The equilibrium price OP* is described by the intersection of both the demand and supply curves. This is also termed as the "market clearing price" since at this cost, both the excess supply and demand remains nil. We can explain it like this. 

If the price gets higher than OP*, like OP1, consumers desire to get P1M1, whereas sellers are willing to sell more quantity. Therefore, the situation of excess supply turns up. Sellers are not happy. Resultantly, there will be downward pressure in price (as competition between sellers hikes up). The price shall be falling until it reaches OP*. Similarly, at a price lower than OP*, like OP2, there will be an excessive demand or shortage in the market. Then, the buyers get dissatisfied. Competition between consumers will hike up, leading to upward pressure in price. It continues until OP* is attained. Therefore, OP* is equilibrium price or market-clearing cost. Or, all other prices except OP* are disequilibrium costs. The total theory indicates how prices are determined under perfect competition in a market. 

Did You Know?

Here are some amazing facts to know about equilibrium price determination under perfect competition.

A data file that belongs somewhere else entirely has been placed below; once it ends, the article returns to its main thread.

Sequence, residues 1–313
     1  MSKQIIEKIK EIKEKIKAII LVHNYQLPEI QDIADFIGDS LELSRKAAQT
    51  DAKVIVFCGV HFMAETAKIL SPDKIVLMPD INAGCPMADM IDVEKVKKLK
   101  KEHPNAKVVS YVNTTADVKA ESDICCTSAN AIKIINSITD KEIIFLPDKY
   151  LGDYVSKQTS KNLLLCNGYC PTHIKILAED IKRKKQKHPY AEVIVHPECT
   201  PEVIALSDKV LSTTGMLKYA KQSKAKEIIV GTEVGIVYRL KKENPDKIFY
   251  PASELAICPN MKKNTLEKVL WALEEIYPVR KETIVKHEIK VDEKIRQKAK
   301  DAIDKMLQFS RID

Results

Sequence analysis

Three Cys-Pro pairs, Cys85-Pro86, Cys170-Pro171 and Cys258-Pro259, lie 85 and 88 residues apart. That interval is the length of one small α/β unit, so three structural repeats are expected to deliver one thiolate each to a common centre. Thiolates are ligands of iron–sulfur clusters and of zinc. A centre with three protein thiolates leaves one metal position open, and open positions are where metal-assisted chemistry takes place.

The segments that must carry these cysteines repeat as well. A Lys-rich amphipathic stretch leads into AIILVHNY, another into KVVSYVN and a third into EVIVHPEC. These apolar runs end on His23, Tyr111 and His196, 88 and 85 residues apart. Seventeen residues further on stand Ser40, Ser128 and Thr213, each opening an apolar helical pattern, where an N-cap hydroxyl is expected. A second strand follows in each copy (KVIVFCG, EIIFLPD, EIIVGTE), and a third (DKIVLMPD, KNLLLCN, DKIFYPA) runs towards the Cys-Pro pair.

• The perfectly competitive firm is noted to be the price taker. 

  • The perfect competition takes place amidst many sellers and free entry and exit of the firms from the market.

  • When both the supply and demand increase, the equilibrium amount purchased and sold will increase too. 

  • According to neoclassical economists, the concept of a perfectly competitive market is an abstract concept.

FAQ (Frequently Asked Questions)

Q1. How does Price Determination Take Place in a Perfectly Competitive Market?

Ans: Considering the perfect competition, the separate firms are the individual price takers here. They follow the price as set by the industry. Price determination takes place due to the intersection of demand and supply curves. It explains how prices are determined under perfect competition. Notably, there is a difference between the demand curve of an individual firm to that of the market. Under perfect competition, the sellers sell the same products and there are free entry and exit of firms in the market. The perfect competition typically depicts a theoretical market model. Hence, under perfect competition, the price is determined at the point where demand and supply graph intersects.

Q2. Why is There the Existence of Market Price in a Perfectly Competitive Market?

Ans: The perfectly competitive firm is denoted as the price taker. This is due to the pressure from their competitors to oblige them to accept the ongoing equilibrium price in the market. The market price is determined by the forces of demand and supply. A fall in the market price may degrade the overall prioritization factors of the firm. Without a proper market price, the product will cease to exist. For example, if there is no fixed price of gold, various sellers will sell the gold at the cheapest rate and hence the overall value of gold will fall. To maintain the value of a product, the market price is vital.